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19. Narrative Resumed by Jim Hawkins: The
Garrison in the Stockade

AS soon as Ben Gunn saw the colours he came to a halt,
stopped me by the arm, and sat down.

“Now,” said he, “there’s your friends, sure enough.”
“Far more likely it’s the mutineers,” I answered.

“That!” he cried. “Why, in a place like this, where nobody puts
in but gen’lemen of fortune, Silver would fly the Jolly Roger, you
don’t make no doubt of that. No, that’s your friends. There’s been
blows too, and I reckon your friends has had the best of it; and
here they are ashore in the old stockade, as was made years and
years ago by Flint. Ah, he was the man to have a headpiece, was
Flint! Barring rum, his match were never seen. He were afraid of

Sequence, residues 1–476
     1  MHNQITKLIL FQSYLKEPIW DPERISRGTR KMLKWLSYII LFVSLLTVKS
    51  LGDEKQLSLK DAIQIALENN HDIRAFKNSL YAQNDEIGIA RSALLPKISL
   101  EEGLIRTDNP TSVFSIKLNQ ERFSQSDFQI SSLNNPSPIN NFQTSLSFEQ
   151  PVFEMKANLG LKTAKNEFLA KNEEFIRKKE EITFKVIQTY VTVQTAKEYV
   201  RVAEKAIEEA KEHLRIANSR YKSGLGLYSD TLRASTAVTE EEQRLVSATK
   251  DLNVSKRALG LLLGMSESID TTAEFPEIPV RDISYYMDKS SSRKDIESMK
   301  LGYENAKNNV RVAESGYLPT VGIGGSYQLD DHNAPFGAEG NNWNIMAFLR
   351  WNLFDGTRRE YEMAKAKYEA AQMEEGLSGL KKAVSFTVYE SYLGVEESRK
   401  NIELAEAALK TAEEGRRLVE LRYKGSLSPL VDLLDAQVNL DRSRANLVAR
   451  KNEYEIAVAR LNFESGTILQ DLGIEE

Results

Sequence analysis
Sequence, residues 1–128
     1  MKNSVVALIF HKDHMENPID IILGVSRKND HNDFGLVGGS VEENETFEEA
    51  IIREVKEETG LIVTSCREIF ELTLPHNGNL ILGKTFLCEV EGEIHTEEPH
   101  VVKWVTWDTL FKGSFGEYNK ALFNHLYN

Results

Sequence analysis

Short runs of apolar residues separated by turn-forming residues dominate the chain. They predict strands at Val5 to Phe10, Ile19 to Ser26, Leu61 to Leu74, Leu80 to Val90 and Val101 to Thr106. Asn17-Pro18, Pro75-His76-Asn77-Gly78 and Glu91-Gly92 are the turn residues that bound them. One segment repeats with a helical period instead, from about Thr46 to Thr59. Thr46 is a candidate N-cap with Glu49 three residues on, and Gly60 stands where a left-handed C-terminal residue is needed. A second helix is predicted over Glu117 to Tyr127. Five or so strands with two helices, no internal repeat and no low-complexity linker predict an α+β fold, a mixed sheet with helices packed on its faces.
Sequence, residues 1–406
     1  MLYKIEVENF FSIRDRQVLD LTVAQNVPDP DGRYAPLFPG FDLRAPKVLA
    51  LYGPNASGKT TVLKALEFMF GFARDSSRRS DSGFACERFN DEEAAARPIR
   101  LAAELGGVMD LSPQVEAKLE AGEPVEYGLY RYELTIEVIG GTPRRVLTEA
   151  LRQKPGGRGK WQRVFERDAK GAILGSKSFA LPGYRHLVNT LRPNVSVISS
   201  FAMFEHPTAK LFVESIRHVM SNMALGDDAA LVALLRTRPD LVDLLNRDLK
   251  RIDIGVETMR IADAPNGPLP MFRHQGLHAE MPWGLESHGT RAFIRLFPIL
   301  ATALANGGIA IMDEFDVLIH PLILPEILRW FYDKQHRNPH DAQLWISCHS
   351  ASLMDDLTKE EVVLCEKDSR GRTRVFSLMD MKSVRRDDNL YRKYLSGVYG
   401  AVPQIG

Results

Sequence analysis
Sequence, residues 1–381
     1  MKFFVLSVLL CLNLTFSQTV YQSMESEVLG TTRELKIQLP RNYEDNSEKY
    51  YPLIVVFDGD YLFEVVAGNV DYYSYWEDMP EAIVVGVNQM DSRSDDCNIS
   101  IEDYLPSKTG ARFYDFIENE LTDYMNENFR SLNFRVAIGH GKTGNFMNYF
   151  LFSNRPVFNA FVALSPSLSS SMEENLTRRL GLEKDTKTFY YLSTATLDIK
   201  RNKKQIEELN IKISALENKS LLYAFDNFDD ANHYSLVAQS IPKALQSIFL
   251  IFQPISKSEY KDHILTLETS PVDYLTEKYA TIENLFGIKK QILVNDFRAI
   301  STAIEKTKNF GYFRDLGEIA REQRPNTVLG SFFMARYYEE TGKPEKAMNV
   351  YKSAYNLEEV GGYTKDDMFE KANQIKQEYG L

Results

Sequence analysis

none, not he; on’y Silver--Silver was that genteel.”

“Well,” said I, “that may be so, and so be it; all the more reason
that I should hurry on and join my friends.”

“Nay, mate,” returned Ben, “not you. You’re a good boy, or I’m
mistook; but you’re on’y a boy, all told. Now, Ben Gunn is fly. Rum
wouldn’t bring me there, where you’re going--not rum wouldn’t,
till I see your born gen’leman and gets it on his word of honour.
And you won’t forget my words; ‘A precious sight (that’s what
you’ll say), a precious sight more confidence’-- and then nips him.

And he pinched me the third time with the same air of

“And when Ben Gunn is wanted, you know where to find him,
Jim. Just wheer you found him today. And him that comes is to
have a white thing in his hand, and he’s to come alone. Oh! And

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